By Donna Britt
Friday, September 16, 2005
God help the run-of-the-mill poor.
I'm not talking about the suddenly chic, in-vogue poor, such as destitute tsunami survivors or the displaced Gulf Coast residents whom Hurricane Katrina blew into every U.S. region -- though goodness knows, they need every possible blessing.
I mean the poor represented by a man I saw Monday while driving with a friend on a busy Northwest Washington street. Filthy, his eyes rimmed fire-engine red, the man approached my car, stopped before my bumper and fell to his knees.
Although smack in the middle of an active lane of traffic, he bowed his head, genuflecting on the concrete as if in worship.
I screamed. My friend, a longtime inner-city dweller who's seen hundreds of handout-seekers, shook his head and said, "So that's what run-of-the-mill poor people have to do to get our attention."
The run-of-the-mill poor . We see them -- and refuse to see them -- all the time.
Staring at us from "please give" posters. Milling on trash-strewn corners. Waiting on city lots, hoping to be picked up for pay-by-the-day labor.
The number of Americans living in poverty has grown by more than 4 million since the year 2000; some 36 million of us live below the poverty line, according to the Census Bureau.
Our fellow citizens living in severe poverty -- with incomes below half the poverty line -- increased by 1.2 million in 2003, to 15.3 million.
Some poor folks are easier to empathize with, as a social-worker friend of mine observed Saturday night while attending the Silver Spring concert benefiting hurricane survivors. She was in the middle of giving an enthusiastic standing ovation for hurricane survivors who'd been brought onstage when it hit her:
"I have clients who've been on waiting lists for housing for a year -- and they have pretty compelling stories," she told me later. "Where's the outpouring for them?"
Another friend who works for a northeastern state's housing authority told me that people who've waited nine years for affordable housing are being bumped for homeless Katrina victims. Ironically, months before generous Americans began throwing open their wallets to help Katrina survivors, Congress was considering cuts to Medicaid and food-stamp programs that help to feed and provide health care to the everyday poor.
"The lives of poor people are very hidden from policymakers," says Cindy Mann, director of Georgetown University's Center for Children and Families. "The idea that some people don't have $10 for a co-pay for a doctor is unbelievable to them.
"Will Congress go forward with these cuts?" she asks. Or will members "understand what Katrina showed them -- a powerful glimpse of people's extensive needs?"
In fact, the entrenched, run-of-the-mill poor are largely invisible to most of us. Riveting TV footage showed us, in heartbreaking detail, many of the horrors endured by Katrina's survivors.
But I knew nothing about the man who approached my car -- whether his life story would have touched or disgusted me, whether he's an unrepentant alcoholic or someone more "worthy."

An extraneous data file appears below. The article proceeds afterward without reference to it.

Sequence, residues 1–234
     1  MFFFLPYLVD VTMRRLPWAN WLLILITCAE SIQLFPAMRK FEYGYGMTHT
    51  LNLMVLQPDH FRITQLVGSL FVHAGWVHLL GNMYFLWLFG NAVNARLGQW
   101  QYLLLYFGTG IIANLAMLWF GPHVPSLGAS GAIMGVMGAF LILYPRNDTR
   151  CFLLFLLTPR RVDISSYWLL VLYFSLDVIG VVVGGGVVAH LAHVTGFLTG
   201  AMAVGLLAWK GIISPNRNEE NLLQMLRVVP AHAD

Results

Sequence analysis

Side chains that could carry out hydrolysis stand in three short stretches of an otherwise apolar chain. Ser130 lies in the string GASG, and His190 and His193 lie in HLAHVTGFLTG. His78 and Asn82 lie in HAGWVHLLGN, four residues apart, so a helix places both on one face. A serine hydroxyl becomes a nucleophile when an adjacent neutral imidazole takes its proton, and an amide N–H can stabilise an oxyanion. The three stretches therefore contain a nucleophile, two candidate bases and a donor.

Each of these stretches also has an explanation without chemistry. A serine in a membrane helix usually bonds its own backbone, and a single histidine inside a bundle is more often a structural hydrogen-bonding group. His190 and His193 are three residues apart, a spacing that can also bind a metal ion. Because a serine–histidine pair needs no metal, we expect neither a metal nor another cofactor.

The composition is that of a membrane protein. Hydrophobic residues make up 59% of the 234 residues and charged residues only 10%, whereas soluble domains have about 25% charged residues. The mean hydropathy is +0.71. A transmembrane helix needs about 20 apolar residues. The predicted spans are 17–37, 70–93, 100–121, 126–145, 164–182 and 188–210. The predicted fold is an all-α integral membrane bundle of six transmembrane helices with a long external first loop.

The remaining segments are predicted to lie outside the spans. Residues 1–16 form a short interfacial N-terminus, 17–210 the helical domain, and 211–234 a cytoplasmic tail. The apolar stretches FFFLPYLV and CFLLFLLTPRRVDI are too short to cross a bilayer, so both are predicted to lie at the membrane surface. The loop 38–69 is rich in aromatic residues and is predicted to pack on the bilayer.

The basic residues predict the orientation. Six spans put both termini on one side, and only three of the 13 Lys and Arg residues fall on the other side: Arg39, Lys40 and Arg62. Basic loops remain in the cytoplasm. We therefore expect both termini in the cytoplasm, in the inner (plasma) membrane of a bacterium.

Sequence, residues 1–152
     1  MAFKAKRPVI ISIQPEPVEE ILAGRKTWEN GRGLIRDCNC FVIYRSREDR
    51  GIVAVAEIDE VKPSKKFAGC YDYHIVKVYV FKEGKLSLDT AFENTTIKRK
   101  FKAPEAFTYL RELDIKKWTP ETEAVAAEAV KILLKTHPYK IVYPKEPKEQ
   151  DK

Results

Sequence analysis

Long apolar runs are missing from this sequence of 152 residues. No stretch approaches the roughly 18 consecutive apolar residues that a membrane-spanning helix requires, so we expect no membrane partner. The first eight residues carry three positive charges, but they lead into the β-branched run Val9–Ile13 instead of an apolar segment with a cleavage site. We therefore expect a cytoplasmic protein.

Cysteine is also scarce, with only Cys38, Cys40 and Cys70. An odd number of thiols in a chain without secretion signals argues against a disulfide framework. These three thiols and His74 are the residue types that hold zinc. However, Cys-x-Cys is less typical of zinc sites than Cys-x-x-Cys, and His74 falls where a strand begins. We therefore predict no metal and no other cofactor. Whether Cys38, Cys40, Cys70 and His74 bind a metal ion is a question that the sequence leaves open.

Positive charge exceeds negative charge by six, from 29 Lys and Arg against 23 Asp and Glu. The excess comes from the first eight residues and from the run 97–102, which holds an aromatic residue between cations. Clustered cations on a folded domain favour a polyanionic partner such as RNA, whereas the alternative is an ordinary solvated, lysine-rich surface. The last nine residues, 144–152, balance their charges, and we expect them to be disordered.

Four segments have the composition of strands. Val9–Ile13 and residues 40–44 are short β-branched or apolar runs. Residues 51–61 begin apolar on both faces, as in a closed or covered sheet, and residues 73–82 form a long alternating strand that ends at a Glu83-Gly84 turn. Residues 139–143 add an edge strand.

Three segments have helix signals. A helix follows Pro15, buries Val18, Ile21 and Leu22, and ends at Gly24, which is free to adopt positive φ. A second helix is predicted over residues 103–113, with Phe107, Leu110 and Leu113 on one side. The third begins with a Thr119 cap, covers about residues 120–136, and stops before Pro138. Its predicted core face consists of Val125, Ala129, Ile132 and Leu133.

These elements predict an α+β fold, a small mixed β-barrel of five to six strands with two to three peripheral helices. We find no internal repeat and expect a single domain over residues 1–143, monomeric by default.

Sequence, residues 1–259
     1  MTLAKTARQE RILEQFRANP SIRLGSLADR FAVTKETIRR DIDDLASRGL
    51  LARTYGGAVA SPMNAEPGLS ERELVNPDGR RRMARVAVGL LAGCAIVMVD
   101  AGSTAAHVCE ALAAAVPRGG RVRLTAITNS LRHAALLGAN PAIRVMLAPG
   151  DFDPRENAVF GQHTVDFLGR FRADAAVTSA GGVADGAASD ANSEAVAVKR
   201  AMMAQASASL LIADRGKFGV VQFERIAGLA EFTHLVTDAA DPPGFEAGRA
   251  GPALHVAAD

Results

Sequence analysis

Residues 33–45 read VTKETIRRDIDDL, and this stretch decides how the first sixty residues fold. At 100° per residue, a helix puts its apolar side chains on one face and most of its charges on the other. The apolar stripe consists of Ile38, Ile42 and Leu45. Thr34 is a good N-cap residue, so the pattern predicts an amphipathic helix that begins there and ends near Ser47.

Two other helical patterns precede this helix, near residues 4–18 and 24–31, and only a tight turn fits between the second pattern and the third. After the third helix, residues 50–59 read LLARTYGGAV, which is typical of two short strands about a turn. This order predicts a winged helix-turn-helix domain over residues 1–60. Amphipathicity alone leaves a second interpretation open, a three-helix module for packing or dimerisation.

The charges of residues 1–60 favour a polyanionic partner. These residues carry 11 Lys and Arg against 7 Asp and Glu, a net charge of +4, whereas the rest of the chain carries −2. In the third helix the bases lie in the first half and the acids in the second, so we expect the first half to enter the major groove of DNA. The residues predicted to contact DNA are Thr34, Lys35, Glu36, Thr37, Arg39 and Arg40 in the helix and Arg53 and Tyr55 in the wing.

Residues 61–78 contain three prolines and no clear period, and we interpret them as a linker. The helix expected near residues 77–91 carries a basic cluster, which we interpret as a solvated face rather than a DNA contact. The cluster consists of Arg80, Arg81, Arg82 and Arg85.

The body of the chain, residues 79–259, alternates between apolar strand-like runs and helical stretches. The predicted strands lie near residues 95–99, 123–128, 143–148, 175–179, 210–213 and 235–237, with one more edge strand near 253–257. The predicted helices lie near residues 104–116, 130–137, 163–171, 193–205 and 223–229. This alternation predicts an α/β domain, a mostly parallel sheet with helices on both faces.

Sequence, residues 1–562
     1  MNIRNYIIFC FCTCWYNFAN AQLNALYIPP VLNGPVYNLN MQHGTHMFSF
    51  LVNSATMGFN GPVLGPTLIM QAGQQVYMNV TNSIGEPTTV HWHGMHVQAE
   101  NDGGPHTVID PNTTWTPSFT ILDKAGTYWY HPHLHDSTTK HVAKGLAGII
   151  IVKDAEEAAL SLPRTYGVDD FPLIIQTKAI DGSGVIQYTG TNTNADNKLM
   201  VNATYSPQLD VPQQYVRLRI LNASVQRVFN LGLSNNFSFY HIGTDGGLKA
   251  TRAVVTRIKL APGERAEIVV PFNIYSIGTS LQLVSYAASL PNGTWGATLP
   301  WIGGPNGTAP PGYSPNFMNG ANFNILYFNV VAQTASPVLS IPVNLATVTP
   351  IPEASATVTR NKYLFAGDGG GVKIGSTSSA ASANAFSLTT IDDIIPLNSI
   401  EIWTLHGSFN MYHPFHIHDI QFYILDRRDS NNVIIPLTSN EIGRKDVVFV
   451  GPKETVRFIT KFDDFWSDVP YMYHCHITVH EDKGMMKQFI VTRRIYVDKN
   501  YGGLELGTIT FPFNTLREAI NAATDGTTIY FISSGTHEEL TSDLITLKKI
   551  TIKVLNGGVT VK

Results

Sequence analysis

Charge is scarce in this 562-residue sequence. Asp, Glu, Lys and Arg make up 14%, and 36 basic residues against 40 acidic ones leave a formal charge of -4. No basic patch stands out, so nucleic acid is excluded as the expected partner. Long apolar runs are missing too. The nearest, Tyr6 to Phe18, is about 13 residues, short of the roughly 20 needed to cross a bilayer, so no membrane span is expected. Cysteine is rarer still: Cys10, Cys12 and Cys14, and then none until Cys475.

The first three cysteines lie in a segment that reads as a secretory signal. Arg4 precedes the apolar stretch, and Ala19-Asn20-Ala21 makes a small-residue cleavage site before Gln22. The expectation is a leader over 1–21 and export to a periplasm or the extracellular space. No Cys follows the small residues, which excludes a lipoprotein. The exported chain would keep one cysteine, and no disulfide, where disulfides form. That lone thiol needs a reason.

Like most people, rich or poor, his life's details were hidden from me.
Most people I know work hard for every dollar. They hate the notion of people who won't work being rewarded for their indolence. Some people, they suspect, deserve their poverty.
But what child chooses hunger? What youngster deserves caregivers who lack the drive or wherewithal to feed, house and nurture them?
How can we tell who's who?
Last week, Washington legal secretary Debbie Holland and her New Orleans-born husband, Maximillon, took five of their now-homeless family members into their three-bedroom Fort Washington home. The outpouring from co-workers, friends and complete strangers who've donated air mattresses, canned goods, toiletries, clothing and cash to help Holland's guests, who range in age from 9 to 48, keeps Holland on the brink of tears.
She, too, is struck by how generously Americans are giving -- more than $1 billion to date -- to their fellow citizens, some of whom just weeks ago might have been regarded as "undeserving."
"People think 'regular' poor people don't do enough to get ahead -- so they give here, they give there," Holland, 46, says. "There has to be a major catastrophe before we do what really needs to be done."
Holland, who has opened her home to those in need before, says she gives because of her "There but for the grace of God" attitude.
"I had parents who maybe weren't educated to the degree that I am now, but they stepped up; they gave me tools for success," she explains. "Not everybody's parents do that. It's a vicious circle -- parents are in poverty, so their kids . . . don't know anything different."
Holland hopes that playing host to relatives who were struggling even before Katrina hit will give her daughter, Nicole, 13, more appreciation of other people's difficulties, and of what can happen "in a blink of an eye."
It's a reminder many of us could use.
"There are two Americas -- and one is very hidden except in disasters like . . . Katrina," Mann says. "But if we looked around more, we could see, and learn from, [poor] people. They are cleaning our buildings and our homes, working at our groceries and laundries. They live in hidden neighborhoods.
"But they cross our paths every day. And we rely so much on them and their labor."